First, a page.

Duck Dynasty & the Flood Gate of Opinions Part 1


Even if you have been living under a rock for the past couple of day, you have heard that Phil Robertson, of Duck Dynasty fame, has announced an ethnic gay cleansing against… gays. Not really, but that will be the tone of the level of hysteria that will be pumped through cyberspace in the next couple of days.

Because my opinion is of high value, #NotReally, I thought I would prompt my opinions with some unique observations from others who are not Christians but share similar opinions.  My own post will follow this post tomorrow.

Being Against Gay Marriage Doesn’t Make You a Homophobe

Some people just aren’t sure about marriage equality—but their reasoning isn’t necessarily a reflection of their character. 


“Then Raushenbush hauled out a familiar argument: “Let’s just be very clear here —if you are against marriage equality you are anti-gay. Done.”

“As a gay man, I found myself disappointed with this definition—that anyone with any sort of moral reservations about gay marriage is by definition anti-gay. If Raushenbush is right, then that means my parents are anti-gay, many of my religious friends (of all faiths) are anti-gay, the Pope is anti-gay, and—yes, we’ll go here—first-century, Jewish theologian Jesus is anti-gay. That’s despite the fact that while some religious people don’t support gay marriage in a sacramental sense, many of them are in favor of same-sex civil unions and full rights for the parties involved. To be sure, most gay people, myself included, won’t be satisfied until our loving, monogamous relationships are graced with the word “marriage.” But it’s important to recall that many religious individuals do support strong civil rights for the gay members of their communities.”

If it’s “anti-gay” to question the arguments of marriage-equality advocates, and if the word “homophobic” is exhausted on me or on polite dissenters, then what should we call someone who beats up gay people, or prefers not to hire them? Disagreement is not the same thing as discrimination. Our language ought to reflect that distinction.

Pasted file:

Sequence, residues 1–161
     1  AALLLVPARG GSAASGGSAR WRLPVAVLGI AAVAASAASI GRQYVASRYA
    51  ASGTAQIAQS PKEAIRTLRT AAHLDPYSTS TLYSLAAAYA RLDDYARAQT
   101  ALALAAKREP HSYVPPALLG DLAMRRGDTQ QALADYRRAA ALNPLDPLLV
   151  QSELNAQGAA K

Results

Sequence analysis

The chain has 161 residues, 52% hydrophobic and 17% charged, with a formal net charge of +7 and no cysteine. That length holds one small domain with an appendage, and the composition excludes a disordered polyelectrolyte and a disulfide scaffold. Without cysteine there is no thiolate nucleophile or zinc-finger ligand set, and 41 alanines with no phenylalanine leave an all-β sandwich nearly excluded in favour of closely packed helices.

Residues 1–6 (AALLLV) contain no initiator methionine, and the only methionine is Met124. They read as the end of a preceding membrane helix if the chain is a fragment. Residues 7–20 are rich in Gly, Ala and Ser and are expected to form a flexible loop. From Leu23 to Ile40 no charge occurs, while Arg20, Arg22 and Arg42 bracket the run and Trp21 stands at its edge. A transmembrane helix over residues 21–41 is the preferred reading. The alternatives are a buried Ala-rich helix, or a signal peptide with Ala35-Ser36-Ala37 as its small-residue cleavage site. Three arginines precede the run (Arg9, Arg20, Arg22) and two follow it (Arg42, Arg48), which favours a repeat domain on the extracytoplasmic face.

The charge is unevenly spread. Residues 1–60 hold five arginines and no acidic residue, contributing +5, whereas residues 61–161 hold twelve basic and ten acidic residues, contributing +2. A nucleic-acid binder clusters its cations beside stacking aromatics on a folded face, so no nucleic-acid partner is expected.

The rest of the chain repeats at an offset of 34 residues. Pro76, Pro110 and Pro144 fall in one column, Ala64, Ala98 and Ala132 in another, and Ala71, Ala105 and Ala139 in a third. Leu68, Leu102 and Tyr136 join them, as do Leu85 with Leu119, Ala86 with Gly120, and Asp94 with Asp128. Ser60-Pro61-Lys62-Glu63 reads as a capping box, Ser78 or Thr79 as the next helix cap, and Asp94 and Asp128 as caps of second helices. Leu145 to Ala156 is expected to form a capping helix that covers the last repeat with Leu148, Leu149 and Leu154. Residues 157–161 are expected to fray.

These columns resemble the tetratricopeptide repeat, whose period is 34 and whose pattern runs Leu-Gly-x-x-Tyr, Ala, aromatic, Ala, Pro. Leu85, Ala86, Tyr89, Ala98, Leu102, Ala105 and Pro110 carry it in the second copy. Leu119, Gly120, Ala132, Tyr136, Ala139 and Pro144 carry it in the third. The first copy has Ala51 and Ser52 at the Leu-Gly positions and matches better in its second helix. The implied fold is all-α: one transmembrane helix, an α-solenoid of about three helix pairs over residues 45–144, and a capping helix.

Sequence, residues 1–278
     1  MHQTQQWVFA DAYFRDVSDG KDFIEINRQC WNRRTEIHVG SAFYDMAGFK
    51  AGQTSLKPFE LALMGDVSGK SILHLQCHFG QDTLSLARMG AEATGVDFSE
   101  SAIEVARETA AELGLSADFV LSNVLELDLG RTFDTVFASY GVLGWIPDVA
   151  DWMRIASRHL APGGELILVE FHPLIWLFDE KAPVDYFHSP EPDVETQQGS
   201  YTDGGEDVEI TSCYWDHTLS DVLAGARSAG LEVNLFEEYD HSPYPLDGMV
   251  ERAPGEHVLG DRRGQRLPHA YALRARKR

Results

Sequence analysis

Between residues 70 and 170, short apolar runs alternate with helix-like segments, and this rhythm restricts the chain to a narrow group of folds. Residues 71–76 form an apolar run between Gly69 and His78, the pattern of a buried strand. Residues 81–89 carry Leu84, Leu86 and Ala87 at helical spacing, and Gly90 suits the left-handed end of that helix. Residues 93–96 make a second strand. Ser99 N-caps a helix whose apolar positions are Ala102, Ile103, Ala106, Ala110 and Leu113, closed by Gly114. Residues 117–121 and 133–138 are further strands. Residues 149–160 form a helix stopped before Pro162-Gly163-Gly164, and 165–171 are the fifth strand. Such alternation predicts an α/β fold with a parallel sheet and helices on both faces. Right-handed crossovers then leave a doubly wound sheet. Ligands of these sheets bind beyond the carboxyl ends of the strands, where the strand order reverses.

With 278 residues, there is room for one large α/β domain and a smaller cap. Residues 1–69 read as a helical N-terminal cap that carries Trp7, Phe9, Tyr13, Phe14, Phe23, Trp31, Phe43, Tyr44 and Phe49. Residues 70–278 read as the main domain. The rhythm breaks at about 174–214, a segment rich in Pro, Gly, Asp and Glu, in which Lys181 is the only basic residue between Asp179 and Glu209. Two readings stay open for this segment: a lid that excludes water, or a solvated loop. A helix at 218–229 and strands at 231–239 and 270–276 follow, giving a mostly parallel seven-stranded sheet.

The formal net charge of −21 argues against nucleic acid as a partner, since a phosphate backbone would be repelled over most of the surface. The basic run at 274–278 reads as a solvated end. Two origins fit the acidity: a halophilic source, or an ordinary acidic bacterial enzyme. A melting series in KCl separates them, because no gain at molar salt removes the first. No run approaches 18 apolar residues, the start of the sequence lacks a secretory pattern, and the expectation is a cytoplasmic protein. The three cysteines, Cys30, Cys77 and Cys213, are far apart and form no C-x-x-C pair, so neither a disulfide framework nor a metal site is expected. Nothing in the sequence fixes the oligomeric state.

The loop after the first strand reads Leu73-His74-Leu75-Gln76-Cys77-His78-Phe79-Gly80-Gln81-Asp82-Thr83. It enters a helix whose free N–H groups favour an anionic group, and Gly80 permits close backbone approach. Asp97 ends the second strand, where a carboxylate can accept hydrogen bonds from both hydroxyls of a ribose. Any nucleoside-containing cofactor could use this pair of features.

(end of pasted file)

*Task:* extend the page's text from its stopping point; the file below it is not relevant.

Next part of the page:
To me, recognizing the distinction between opposing gay marriage and opposing gay people is a natural outgrowth of an internal distinction: When it comes to my identity, I take care not to reduce myself to my sexual orientation. Sure, it’s a huge part of who I am, but I see myself to be larger than my sexual expression: I contain my gayness; it doesn’t contain me. If it’s true that my gayness is not the most fundamental aspect of my identity as Brandon, then it seems to me that someone could ideologically disapprove of my sexual expression while simultaneously loving and affirming my larger identity. 

And here is an audio clip from the radio show, Opie and Anthony.  I share this clip because the hosts of the show are not Christians and are for gay marriage but they hold freedom of speech and Liberty paramount.  Be warned, they can be abrasive and they use language that some will find offensive.  I post this because they share my opinions of freedom of speech but approach them from a different perspective.  They totally disagree with my beliefs and the beliefs of Phil Robertson but they are standing behind his right to say what he wants.


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